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Title: Engineered optical materials by ultrafast laser nanostructuring
Author: Drevinskas, Rokas
ISNI:       0000 0004 7225 0754
Awarding Body: University of Southampton
Current Institution: University of Southampton
Date of Award: 2017
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This thesis is focused on ultrafast laser induced modification in optical materials including transparent dielectrics, high-index semiconductors, and glass-metal nanocomposites. Under certain conditions, ultrafast laser direct writing through a nonlinear light-matter interaction enables a high-precision nanostructuring. This type of the modification exhibits form birefringence and/or dichroism enabling the fabrication of polarization sensitive optical elements. The main activities involved in the research are the optimization of light-mater interaction processes, engineering the optical properties of materials, design and fabrication of optical elements, and implementation of engineered optics into the multidisciplinary fields. The pioneering steps were taken towards a practical exploitation of femtosecond laser imprinted space-variant optical elements and development of a novel scheme for optical trapping. As a result, a set of novel optical components with high efficiency, high phase density and low losses were successfully developed and demonstrated, including optical dichroic elements, polarization gratings, arrays of polarization micro-lenses and micro converters, and computer generated Fourier holograms. A novel type of optical tweezers with tunable orbital angular momentum was also designed and developed, which has attracted attention from the beam-shaping and optical micro-manipulation communities. The record high topological charge torque with high-precision control of trapped micron-size objects was achieved. Practical laser imprinted optical elements in materials other than fused silica were demonstrated. A number of optical elements were realized in amorphous silicon thin-films. It was demonstrated that the laser-induced periodic thin-film structures exhibit giant birefringence and was implemented in space-variant polarization and phase manipulations. Surface texturing with 30 nm resolution was demonstrated by potassium hydroxide wet etching and ultrafast laser nanostructuring of silica, leading to the fabrication of dichroic glass-metal patterns. Other laser material processing approaches such as single and double pulse irradiation of crystalline silicon, or irradiation of optical materials with tightly focused cylindrical vector beams were implemented. The femtosecond laser shaping of silver nanoparticles embedded in soda-lime glass was studied. The developed approach can be employed to control the anisotropy of the glass-metal nanocomposites.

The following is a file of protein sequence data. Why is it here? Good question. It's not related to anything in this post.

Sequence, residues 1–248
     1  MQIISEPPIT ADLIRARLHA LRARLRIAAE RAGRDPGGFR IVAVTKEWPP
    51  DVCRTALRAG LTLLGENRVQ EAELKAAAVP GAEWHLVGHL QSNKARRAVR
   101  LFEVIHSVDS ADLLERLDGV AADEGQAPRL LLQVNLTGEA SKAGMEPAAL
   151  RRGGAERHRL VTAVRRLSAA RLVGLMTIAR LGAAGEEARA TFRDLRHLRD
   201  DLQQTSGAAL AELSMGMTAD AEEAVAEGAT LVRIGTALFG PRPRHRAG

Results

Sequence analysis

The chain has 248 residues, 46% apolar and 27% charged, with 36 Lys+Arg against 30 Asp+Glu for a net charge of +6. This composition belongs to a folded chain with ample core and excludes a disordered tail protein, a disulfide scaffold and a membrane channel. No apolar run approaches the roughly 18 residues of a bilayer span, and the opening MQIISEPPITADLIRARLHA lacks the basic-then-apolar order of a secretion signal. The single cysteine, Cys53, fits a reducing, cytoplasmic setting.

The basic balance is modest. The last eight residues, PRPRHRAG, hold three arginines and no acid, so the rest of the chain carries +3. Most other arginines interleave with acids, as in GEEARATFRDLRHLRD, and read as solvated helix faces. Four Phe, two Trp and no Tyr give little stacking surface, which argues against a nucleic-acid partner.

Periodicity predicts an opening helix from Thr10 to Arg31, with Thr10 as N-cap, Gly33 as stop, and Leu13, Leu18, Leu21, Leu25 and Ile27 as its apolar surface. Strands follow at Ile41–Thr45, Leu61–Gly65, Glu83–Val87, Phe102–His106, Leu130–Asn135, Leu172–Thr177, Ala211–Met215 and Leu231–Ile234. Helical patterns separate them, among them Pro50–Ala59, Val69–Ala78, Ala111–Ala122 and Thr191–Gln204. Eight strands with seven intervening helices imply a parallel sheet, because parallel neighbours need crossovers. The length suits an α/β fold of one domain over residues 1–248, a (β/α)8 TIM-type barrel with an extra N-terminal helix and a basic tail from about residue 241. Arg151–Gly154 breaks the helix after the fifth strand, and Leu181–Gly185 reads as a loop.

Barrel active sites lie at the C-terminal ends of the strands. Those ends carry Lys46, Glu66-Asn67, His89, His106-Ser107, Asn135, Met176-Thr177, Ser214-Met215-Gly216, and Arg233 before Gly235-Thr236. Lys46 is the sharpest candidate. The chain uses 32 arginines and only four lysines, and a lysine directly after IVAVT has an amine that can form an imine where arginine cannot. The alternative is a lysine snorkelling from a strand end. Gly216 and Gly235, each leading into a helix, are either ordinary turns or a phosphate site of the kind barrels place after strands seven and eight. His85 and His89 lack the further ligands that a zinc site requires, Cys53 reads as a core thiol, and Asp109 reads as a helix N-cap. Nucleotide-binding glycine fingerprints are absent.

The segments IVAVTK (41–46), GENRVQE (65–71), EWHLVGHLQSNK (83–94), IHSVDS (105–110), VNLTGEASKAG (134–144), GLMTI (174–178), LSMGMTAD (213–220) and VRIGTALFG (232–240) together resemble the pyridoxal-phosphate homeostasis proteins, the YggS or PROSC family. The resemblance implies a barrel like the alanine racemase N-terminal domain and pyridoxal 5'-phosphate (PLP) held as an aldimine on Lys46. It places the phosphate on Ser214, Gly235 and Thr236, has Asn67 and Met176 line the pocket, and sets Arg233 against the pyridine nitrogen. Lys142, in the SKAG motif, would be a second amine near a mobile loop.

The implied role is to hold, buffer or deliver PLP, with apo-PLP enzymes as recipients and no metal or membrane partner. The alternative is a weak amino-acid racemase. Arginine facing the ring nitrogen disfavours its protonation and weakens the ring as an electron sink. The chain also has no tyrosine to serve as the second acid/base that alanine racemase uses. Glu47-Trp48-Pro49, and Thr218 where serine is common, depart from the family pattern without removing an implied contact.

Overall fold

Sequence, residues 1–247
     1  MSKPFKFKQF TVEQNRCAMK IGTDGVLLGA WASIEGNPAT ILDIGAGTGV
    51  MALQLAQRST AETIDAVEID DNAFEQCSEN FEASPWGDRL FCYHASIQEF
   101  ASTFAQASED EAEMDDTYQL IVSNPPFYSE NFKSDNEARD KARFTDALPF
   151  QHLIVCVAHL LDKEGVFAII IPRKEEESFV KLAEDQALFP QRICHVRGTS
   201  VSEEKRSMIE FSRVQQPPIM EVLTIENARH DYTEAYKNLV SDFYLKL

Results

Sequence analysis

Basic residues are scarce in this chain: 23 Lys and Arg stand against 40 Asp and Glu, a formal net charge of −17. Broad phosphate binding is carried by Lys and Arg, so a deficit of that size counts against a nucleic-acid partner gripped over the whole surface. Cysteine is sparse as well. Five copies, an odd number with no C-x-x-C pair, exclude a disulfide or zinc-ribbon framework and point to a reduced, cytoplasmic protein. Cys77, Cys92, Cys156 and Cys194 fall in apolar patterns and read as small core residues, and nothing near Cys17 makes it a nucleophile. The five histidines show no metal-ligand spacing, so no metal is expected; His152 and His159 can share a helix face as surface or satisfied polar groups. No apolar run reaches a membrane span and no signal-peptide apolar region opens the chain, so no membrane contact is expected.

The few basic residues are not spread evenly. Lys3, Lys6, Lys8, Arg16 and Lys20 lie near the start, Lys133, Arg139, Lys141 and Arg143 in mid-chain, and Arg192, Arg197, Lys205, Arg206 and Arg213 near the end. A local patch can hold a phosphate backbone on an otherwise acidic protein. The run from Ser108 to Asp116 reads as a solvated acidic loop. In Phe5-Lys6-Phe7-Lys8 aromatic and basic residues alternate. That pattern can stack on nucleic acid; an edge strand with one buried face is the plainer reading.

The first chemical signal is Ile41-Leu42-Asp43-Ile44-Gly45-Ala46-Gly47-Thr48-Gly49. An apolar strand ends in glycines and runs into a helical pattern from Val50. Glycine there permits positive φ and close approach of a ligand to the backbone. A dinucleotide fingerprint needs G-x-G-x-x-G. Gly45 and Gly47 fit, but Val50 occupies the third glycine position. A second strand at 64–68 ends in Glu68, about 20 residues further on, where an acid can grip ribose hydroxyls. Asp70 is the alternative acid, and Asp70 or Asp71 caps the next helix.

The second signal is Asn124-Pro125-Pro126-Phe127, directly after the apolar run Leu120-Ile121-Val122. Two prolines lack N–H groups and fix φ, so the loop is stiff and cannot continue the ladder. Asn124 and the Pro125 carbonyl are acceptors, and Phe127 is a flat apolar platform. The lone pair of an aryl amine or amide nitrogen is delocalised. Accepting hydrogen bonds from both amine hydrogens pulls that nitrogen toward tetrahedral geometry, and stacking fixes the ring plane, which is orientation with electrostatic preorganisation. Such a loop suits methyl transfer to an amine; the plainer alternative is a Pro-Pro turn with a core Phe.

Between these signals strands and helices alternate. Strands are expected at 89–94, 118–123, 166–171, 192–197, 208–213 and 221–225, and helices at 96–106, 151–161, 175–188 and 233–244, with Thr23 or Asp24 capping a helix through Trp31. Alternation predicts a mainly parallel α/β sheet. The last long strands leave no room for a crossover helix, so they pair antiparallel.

Supervisor: Kazansky, Peter Sponsor: Not available
Qualification Name: Thesis (Ph.D.) Qualification Level: Doctoral
EThOS ID:  DOI: Not available